It’s not a patch on ‘Saving Private Ryan’ because, as you correctly say, that film has a definite story line and plot which follows the characters through from the beach landing to the final scene. The problem with, and deficiency in, Dunkirk is that it attempts through various devices to cover the evacuation of more than 300,000 soldiers and the associated small boat efforts and air battles from the British viewpoint by a series of unconnected vignettes focusing on a few undeveloped and unrepresentative characters. It’s a failure as a ‘based on fact’ fiction and as a documentary, and on any other basis apart from some impressive scenes of air and naval conflict.

I found it particularly offensive in starting the film and progressing it with a couple of soldiers, one of whom turns out to be French, who were effectively deserters trying to escape through the orderly troops lined up on the beach waiting for evacuation. Much the same with the possibly shell shocked or just cowardly 2nd Lt picked up by the small boat who repays his rescuers by killing one of them. Might have happened, but hardly representative of the vast majority of troops.

As a film which has anything to contribute to any understanding of Dunkirk, it’s at best a great spectacle and at worst a great insult to the vast majority of troops who evacuated in good order under very bad conditions, but no worse than millions of other soldiers endured in countless smaller groups in many wars and in even larger groups during WWII under even worse conditions, such as Stalingrad and Battle of the Bulge.

Overall, it’s just a nice piece of cinematic entertainment with lots of spectacles and a suitably noisy soundtrack without which it would have considerably less impact.

I don’t understand why it’s being hailed as the greatest film since ‘Saving Private Ryan’ or any other film, because it lacks plot, character development, character engagement, and just about everything else that a great film has.

Still, it’s certainly worth watching for entertainment.

Just don’t confuse it with anything that has much to do with the reality of the 300,000 plus troops who weren’t the deserters upon whom the bulk of the film focuses for flimsy dramatic effect as they try to steal aboard a ship with a hijacked casualty or cower in a grounded boat, both of which experiences were on the basis of the film that of about a dozen or so of the 300,000 plus troops on the beach.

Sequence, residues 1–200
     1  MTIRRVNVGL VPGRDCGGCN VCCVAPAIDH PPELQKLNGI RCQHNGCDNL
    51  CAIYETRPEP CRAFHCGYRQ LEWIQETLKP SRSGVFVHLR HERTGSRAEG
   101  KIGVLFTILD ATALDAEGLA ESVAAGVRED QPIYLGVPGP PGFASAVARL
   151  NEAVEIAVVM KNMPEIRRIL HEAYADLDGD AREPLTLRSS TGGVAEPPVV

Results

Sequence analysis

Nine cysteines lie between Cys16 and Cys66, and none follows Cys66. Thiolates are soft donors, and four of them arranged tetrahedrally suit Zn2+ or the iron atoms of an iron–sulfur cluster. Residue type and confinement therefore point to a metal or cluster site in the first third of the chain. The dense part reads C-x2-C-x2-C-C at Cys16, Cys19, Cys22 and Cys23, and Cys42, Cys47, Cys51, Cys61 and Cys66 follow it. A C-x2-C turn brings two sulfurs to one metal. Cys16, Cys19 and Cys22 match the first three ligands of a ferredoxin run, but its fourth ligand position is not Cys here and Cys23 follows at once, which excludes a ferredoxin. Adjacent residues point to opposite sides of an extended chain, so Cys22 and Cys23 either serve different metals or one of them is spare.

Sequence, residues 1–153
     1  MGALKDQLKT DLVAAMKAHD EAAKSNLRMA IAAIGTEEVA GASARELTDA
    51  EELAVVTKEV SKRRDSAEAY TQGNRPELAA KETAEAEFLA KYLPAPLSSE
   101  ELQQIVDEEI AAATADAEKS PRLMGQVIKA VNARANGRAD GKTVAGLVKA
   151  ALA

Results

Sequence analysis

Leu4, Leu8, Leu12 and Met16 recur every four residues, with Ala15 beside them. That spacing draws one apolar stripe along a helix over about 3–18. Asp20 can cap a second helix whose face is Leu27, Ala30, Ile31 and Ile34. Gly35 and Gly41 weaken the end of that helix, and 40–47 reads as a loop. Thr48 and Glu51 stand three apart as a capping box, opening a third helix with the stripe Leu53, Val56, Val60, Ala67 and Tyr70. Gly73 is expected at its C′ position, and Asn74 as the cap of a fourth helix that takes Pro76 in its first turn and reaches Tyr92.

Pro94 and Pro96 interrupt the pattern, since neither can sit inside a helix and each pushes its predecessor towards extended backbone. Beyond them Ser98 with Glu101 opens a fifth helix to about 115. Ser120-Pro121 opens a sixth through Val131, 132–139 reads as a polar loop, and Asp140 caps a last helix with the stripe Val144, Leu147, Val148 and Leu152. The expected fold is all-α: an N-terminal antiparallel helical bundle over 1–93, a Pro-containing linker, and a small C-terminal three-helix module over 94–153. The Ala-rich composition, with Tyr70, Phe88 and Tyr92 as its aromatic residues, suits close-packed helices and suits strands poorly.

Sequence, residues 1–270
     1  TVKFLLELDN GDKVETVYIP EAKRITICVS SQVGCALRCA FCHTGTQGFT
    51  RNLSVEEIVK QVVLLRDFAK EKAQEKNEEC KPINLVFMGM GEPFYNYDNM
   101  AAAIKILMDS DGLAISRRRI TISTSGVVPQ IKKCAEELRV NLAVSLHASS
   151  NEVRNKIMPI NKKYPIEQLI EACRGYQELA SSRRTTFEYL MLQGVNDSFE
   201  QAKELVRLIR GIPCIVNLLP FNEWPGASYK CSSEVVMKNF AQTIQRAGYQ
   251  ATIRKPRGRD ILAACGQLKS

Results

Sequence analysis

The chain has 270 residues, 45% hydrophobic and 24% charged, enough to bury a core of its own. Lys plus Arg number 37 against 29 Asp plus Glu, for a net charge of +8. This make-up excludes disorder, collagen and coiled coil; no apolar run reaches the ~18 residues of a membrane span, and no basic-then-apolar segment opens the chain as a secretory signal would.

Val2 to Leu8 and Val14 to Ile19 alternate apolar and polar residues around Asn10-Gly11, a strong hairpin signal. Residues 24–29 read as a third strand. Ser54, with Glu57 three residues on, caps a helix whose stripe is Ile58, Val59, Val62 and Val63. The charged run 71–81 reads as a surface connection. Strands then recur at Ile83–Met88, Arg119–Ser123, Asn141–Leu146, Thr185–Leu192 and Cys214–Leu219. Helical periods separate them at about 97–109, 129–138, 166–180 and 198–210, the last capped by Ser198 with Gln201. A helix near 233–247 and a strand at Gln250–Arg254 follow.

The point is made in the first scene that the French were defending a line through which the British were able to escape to the beach.

The absence of detail about the French fighting in what by then was the British rear is no more unreasonable than the absence of detail about the conduct of the British troops who weren’t the majority of deserters and shell-shocked or cowardly troops upon whom the film focuses for characters.

If I had a relative who’d been evacuated at Dunkirk, I’d be incensed by a film which focuses upon deserters for the story line. As indeed I am dismayed by that approach when I have no family or any other connection with Dunkirk.

Really? :wink: :smiley:

I thought the only attacks were from the Stukas. Then again, I’m just basing that on this historically accurate film. :wink: :smiley:

And just on the Stuka point, early on in the film there is a scene of the effect of a creeping bomb pattern hitting the troops on the ground. That creeping pattern is what you’d get from a medium to heavy bomber dropping multiple bombs, not Stukas.

And now, ladies and gentlemen (cue drum roll) for the idiotic politically correct contingent’s contribution to history.

"USA Today’s Brian Truitt opined that “the fact that there are only a couple of women and no lead actors of colour may rub some the wrong way.”

Truitt has, understandably, been held up to no small amount of ridicule. It is a little difficult to shoehorn women and ethnic minorities into a story which, put simply, featured few. Dunkirk is, after all, very much based on the battle – on air, land, and sea. There is no back story, no emotion-laden scenes of loved-ones left behind. There is no examination of the cultural mix of Britain at the time.

Truitt’s utterance is little short of odd, akin to complaining there is a lack of Afro-Caribbeans in Alfred The Great, or commenting that it would have been better if a few women had made it out of Stalag Luft III in The Great Escape. If he wants women in the context of deep historical inaccuracy, he should perhaps tune into Raquel Welch in One Million Years BC."

It was inevitable that the following complaint would be made from predictable, and invariably ill-informed, quarters.

But Truitt is not alone in expressing dissent at Dunkirk’s modus operandi. Marie Claire critic Mehera Bonner declared that the film just screams ‘men-only’, claiming the only reason male critics liked it was because it allowed them to feel manly.

“To me, Dunkirk felt like an excuse for men to celebrate maleness,” she wrote, “which apparently they don’t get to do enough. Fine, great, go forth, but if Nolan’s entire purpose is breaking the established war movie mould and doing something different, why not make a movie about women in World War II?”

Gee, no films about women in WWII? I must have imagined Mrs Miniver; Carve Her Name with Pride; Millions Like Us; Battalion; Night Witches in the Sky; not to mention the multi-episode TV show Tenko.

The likes of Ms Bonner can always be relied upon to demonstrate their ignorance when putting forward their automatic complaints about how badly they are oppressed / ignored / downtrodden. They’d be more persuasive if they had facts rather mere outrage on their side.

I have not seen the movie and I am curious about the premise. How many countries celebrate a military defeat? There was at least one and maybe two battles in the Pacific in which the United States Navy was malled. We don’t celebrate that nor do we celebrate Pearl Harbor. We remember Pearl Harbor, however, we do not celebrate it. The British were outclassed in almost every aspect of warfare at Dunkirk.